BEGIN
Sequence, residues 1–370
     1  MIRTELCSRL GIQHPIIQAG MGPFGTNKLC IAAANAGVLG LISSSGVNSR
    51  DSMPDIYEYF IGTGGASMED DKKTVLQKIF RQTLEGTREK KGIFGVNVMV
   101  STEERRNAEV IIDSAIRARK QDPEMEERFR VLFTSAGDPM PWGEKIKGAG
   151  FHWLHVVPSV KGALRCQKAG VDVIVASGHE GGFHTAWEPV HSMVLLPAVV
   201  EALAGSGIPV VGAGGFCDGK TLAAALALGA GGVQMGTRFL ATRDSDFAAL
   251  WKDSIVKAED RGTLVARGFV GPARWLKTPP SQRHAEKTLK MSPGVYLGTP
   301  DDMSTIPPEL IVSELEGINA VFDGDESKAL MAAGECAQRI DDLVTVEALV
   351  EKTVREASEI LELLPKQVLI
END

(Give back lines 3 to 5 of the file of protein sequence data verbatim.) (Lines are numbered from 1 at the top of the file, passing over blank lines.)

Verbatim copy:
    51  DSMPDIYEYF IGTGGASMED DKKTVLQKIF RQTLEGTREK KGIFGVNVMV
   101  STEERRNAEV IIDSAIRARK QDPEMEERFR VLFTSAGDPM PWGEKIKGAG
   151  FHWLHVVPSV KGALRCQKAG VDVIVASGHE GGFHTAWEPV HSMVLLPAVV